Sigmar greatly valued the duardin gods, for they had been steadfast allies in the past. Yet he knew also that to name an unworthy target would do great harm, for Grimnir was riled easily, and prideful over such matters. Acting impulsively, Sigmar named the godbeast that he himself thought would be the most difficult to conquer – a decision he immediately regretted.[17a]

And so it was that the legendary duardin sought out Vulcatrix, Mother of Salamanders, she who first birthed flame into the worlds.[17a]

There are several tales that recount the last thing Grimnir did before setting out. Some say he downed a keg of ale, proclaiming it had to have been brewed by one of the legendary family of Bugman. Others tell of how he bid his brother Grungni to forge him a new axe for the monumental task, while those of the Vostarg lodge claim Grimnir helped choose the site of their original magmahold before embarking on his quest. All versions agree that it was not long before Grimnir strode into the Hills of Aqshy searching for his quarry. Grimnir went alone, but he did not go quietly, booming out his challenge every few strides, and hurling coarse speculations about his opponent’s lineage.[17a]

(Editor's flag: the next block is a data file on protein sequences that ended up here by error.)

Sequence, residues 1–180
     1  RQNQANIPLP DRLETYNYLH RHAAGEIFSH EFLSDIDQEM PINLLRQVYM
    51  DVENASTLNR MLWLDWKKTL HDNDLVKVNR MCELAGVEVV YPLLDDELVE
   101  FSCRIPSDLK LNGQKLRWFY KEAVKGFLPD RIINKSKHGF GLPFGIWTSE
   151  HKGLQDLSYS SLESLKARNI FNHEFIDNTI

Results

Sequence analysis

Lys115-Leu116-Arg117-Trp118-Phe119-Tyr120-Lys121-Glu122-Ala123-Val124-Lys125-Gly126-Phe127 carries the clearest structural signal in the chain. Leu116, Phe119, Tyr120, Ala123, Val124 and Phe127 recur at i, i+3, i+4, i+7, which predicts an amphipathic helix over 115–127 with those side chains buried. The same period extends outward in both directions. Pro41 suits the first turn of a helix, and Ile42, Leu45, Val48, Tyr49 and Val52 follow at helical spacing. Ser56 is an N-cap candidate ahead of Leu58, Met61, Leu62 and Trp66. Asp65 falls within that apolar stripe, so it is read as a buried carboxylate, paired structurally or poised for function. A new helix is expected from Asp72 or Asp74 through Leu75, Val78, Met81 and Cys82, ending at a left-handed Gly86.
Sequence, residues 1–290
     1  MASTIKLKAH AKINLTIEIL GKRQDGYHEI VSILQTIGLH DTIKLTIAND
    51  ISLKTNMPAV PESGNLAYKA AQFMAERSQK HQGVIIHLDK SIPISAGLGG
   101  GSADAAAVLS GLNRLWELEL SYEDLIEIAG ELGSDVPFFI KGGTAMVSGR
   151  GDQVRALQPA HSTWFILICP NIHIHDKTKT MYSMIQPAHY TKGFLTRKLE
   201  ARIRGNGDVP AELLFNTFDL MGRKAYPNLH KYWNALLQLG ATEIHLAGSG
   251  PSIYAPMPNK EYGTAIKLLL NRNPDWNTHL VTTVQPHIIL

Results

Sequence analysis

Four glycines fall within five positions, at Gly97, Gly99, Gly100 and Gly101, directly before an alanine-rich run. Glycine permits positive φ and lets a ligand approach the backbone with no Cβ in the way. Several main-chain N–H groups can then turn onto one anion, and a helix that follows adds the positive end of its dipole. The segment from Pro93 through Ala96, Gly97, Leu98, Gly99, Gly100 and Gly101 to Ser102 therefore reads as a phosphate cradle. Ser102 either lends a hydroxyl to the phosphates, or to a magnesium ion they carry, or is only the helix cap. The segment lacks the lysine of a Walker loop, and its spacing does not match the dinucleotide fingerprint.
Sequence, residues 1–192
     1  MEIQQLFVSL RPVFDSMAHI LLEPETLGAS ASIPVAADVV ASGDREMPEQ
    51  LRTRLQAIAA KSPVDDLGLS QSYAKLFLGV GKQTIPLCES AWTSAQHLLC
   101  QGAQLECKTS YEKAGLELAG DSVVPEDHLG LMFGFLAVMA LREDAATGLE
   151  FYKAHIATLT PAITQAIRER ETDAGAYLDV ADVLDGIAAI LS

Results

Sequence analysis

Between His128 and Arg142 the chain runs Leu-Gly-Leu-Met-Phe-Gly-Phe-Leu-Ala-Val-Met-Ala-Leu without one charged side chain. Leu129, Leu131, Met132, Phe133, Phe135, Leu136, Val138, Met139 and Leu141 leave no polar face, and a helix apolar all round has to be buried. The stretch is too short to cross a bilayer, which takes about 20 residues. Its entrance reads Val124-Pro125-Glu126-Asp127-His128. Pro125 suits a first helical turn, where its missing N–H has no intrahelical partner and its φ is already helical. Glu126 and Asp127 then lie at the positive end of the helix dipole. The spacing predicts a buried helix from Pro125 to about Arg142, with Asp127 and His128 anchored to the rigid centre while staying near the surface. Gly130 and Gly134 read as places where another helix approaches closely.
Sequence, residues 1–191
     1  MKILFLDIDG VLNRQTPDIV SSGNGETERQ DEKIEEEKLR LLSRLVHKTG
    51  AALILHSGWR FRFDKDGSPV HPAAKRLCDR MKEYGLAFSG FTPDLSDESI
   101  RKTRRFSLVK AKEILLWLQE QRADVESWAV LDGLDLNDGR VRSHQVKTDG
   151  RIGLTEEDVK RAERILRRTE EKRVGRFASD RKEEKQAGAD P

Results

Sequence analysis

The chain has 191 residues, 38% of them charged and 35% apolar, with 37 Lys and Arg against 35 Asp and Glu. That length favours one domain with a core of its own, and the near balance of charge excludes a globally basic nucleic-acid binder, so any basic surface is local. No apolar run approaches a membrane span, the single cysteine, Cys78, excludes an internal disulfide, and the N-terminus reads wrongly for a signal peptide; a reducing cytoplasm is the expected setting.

When at last Grimnir came before Vulcatrix, she uncoiled endlessly like a molten river from between smokebelching peaks. Gleaming blade and burning fang met in showers of sparks, each blazing ember from those mighty strikes outshining the stars themselves as god sought to best monster.[17a]

The Fyreslayers tell that it was Vulcatrix’s spite which claimed Grimnir’s life, for he delivered a mortal blow to his enemy but was felled by her death throes and the poisons that erupted from her rent form. So great was the heat released by the duel’s climax that a cataclysm followed: a fiery blast of noxious gases levelled mountains and created the Plains of Aqshy. The scorching of the lands, however, cleansed them of the foul sulphurous dusts that had once rendered them barren. Elsewhere, the falling embers formed the volcano Vostargi Mont, and dozens more across the realms.[17a]